Has Air Travel Reached An All-Time Low? Maybe
Everyone loves to bitch about lousy flight attendants, but I find myself feeling sorry for them more often than not. I mean, really, how many people do you know who would cheerily be the whipping boy for every passenger on a delayed or canceled flight? It can’t be fun. And we all know they’re not paid well.
That said, air travel isn’t cheap these days, and it’s certainly not pleasant, so it doesn’t really seem like much to ask for a little customer service. Two blog posts I read today got me thinking about the relationship between passengers and flight attendants and how, when it comes down to it, neither side wins.
First, after the 10th Facebook Friend “liked” a TechCrunch post about a particularly hellacious flight, I gave in and read it. It was a fun read so I gave it a thumbs-up “like,” too. Who doesn’t have a story about United or Delta wrecking their day, or an airline staffer seeming to take pleasure in lost baggage or a missed connection? It was easy to empathize and frankly, it also made me feel better that this guy (Michael Arrington) had been treated just as badly as a first-class customer as I usually am in coach.
One line in particular jumped out at me, though:
” If only a flight attendant, or baggage person, or whoever, would just commiserate with me for one moment,” Arrington writes. “Maybe smile and say they’ll try their best to help. But until all that bad energy is gone, and the airlines have employees that don’t stare daggers at their customers, I’m out.”
I noticed it because it seemed to be the exact same sort of thinking that led Jet Blue flight attendant Steven Slater to jump ship yesterday. Arrington actually cites Jet Blue as one of the airlines that’s doing it right, that is making its employees happy because happy employees give good customer service. Unfortunately, nothing can make up for shitty passengers, not even decent pay and the industry’s best-designed uniform.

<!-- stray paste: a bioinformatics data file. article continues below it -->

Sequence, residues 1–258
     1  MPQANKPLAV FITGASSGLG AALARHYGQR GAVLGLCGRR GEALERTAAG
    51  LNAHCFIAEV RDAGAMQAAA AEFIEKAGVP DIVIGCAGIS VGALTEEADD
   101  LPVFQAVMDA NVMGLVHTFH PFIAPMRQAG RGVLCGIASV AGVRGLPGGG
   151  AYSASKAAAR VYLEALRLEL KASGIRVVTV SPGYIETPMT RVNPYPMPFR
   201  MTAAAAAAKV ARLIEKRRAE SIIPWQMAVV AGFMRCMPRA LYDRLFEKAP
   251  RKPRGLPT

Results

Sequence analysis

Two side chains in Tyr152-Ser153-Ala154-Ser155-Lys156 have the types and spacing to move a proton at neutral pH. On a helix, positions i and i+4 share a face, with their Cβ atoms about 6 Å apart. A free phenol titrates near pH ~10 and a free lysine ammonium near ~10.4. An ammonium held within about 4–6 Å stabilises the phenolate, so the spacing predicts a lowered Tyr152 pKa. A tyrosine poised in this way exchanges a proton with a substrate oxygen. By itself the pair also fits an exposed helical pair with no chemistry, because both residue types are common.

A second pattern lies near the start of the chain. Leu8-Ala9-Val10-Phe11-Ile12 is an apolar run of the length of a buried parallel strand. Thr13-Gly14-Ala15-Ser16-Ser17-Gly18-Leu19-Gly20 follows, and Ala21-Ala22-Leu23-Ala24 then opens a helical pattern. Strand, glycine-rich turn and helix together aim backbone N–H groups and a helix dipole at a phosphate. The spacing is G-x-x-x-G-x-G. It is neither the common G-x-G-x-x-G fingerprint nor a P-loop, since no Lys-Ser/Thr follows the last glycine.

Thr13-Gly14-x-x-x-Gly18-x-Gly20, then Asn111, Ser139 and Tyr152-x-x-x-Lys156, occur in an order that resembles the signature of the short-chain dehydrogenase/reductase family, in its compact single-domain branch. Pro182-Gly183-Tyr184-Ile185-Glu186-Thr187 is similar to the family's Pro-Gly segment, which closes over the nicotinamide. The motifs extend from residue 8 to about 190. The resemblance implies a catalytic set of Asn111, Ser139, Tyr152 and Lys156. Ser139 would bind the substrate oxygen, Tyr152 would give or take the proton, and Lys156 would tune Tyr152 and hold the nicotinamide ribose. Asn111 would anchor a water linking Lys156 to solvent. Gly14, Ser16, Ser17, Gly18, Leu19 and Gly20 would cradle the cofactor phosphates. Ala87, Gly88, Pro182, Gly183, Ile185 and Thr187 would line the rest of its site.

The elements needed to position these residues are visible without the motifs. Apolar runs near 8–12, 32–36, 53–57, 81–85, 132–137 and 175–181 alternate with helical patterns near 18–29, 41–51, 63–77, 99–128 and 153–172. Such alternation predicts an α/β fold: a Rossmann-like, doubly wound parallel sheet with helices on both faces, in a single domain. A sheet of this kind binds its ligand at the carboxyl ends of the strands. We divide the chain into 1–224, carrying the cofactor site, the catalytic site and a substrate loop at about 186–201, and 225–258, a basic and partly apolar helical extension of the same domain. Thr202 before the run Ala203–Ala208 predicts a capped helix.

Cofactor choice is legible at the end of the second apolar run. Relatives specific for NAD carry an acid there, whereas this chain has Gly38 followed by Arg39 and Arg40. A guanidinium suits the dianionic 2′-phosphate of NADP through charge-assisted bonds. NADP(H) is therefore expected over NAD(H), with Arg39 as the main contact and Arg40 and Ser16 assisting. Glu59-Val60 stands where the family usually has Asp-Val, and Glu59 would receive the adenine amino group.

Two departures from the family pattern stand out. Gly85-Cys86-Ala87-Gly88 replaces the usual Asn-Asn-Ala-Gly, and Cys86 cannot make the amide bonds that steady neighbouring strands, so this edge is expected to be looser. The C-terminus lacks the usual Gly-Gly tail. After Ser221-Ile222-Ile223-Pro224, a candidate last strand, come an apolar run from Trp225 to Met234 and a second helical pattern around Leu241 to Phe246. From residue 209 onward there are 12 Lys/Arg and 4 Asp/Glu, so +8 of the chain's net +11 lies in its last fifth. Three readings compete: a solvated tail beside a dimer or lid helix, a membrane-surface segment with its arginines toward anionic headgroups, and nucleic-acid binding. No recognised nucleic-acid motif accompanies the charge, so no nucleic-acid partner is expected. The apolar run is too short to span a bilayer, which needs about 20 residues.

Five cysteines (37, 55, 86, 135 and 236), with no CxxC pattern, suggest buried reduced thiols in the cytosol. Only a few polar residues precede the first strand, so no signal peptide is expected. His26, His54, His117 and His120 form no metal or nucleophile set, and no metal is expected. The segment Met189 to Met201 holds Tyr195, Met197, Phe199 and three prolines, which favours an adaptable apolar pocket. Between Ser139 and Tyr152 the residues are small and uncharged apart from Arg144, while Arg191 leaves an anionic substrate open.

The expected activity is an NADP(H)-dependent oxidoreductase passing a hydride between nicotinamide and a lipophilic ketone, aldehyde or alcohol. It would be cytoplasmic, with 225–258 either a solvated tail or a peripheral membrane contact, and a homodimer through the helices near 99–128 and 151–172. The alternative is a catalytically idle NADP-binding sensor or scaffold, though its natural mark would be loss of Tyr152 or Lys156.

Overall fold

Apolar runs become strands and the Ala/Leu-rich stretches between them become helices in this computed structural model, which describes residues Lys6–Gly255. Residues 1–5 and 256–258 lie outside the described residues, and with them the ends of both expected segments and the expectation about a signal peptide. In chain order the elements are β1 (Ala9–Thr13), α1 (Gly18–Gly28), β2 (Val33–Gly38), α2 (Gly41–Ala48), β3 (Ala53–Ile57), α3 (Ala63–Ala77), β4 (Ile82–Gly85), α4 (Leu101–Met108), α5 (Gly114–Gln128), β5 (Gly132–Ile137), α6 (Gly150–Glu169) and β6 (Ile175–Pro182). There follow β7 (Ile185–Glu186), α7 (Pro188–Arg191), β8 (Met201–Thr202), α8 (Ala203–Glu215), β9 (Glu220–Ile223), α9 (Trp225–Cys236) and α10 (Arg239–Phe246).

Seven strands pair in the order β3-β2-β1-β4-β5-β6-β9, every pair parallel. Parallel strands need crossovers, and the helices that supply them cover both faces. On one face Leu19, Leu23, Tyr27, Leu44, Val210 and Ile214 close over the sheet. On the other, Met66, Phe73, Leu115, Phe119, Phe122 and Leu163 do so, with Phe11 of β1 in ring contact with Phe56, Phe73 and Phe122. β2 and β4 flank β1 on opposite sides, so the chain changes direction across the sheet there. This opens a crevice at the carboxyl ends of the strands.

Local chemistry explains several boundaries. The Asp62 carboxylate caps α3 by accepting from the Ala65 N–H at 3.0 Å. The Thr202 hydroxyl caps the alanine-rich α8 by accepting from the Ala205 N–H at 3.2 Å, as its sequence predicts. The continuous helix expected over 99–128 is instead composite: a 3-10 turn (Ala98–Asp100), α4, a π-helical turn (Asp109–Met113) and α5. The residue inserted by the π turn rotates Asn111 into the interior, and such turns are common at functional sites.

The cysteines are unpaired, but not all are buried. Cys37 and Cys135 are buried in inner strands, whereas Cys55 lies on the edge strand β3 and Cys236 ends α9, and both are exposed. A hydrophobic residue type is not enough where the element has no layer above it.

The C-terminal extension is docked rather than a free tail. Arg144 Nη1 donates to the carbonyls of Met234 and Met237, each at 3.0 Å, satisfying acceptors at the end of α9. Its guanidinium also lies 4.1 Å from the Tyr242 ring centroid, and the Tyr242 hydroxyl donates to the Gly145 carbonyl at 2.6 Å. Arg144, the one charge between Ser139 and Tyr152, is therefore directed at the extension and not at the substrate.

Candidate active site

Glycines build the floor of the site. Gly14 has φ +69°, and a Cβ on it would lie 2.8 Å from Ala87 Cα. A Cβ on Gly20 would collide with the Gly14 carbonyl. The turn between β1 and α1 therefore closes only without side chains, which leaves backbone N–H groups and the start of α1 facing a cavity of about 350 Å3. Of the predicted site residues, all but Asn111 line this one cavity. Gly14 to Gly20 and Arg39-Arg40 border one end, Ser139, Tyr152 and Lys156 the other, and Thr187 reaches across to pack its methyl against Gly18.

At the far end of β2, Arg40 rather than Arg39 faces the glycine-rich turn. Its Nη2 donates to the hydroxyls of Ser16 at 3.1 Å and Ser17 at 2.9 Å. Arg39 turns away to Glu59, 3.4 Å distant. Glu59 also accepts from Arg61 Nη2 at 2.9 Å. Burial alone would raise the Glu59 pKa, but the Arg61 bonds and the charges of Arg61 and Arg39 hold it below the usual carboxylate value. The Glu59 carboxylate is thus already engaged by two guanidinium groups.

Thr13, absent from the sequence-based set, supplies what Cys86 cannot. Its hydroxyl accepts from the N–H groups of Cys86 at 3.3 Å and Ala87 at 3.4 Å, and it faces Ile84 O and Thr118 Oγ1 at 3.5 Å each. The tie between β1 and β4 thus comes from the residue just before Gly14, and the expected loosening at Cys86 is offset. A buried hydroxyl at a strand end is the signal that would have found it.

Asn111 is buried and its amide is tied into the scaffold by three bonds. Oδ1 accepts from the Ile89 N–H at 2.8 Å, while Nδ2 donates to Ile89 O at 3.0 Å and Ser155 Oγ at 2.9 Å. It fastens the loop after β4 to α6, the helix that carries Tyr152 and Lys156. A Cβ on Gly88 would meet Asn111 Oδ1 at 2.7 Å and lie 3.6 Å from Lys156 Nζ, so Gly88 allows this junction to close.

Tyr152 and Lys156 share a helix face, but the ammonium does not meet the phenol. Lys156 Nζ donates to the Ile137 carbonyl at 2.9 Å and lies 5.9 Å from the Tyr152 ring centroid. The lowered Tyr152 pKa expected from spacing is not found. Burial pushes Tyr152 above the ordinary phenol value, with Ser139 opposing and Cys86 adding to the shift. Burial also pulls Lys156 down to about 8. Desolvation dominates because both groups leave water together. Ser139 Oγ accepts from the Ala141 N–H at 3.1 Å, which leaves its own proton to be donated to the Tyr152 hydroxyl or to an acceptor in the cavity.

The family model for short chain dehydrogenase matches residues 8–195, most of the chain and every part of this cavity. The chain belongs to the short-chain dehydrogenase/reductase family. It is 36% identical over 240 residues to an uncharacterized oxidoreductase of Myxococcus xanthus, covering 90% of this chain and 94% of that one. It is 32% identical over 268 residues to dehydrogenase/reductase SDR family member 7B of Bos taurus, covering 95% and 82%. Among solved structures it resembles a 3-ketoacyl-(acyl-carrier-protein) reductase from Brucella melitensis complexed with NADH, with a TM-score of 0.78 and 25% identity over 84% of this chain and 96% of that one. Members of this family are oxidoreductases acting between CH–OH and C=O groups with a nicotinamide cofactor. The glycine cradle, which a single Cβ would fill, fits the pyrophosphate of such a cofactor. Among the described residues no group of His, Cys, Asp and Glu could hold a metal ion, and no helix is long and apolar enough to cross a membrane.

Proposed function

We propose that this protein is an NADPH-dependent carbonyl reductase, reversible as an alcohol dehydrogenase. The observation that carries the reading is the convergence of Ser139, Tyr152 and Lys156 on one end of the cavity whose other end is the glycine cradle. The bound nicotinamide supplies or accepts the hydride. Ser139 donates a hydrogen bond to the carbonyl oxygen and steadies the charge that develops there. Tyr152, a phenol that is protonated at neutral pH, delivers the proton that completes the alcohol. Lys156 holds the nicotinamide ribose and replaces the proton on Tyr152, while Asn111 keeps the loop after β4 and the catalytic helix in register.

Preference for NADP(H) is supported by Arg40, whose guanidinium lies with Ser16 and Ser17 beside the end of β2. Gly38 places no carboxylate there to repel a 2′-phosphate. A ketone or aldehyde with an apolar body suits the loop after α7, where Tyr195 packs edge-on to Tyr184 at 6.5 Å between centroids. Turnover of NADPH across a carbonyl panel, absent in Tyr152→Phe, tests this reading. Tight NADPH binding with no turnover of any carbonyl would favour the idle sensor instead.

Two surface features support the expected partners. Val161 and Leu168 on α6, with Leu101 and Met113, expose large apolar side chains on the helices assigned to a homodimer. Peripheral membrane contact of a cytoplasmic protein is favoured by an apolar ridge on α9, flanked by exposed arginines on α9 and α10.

Here’s what went down, according to the Wall Street Journal:
JetBlue Flight 1052 from Pittsburgh had taxied to a stop at Terminal 5, Gate C around noon Monday when flight attendant Steven Slater, 38, was struck in the head with luggage that a passenger was trying to unload from an overhead compartment, according to an airport official with knowledge of the incident.
Slater demanded an apology from the passenger, the official said, but the passenger refused. The two argued before the passenger told Slater to “f— off”, the official said. The official said that Slater then got on the plane’s PA system and directed that same obscenity at all the passengers and added that he especially meant it for the man who refused to apologize.
Slater is alleged to have then activated the plane’s inflatable emergency slide, grabbed two beers from the galley, then slid down the chute, the official said.
Like Arrington on the passenger side, Slater just wanted to be treated like a human, to be shown a little common decency. You hit someone on the head with your luggage, you apologize, no? And on the flip side, if, as in Arrington’s story, an elderly Indian gentleman tells you he has medication in his bag that you’ve lost, and that he needs to take it right away, the appropriate response is not to grin and tell him to go find an all-night pharmacy.
Has flying gotten so bad in this country that both passengers and airline staff just wish they were anywhere else? It seems like it. But if that’s true, where do we go from here? The old “no place to go but up” adage would be a cute way to end a blog post on air travel, but unfortunately it looks like it’s only going to stay the same. Or get worse.
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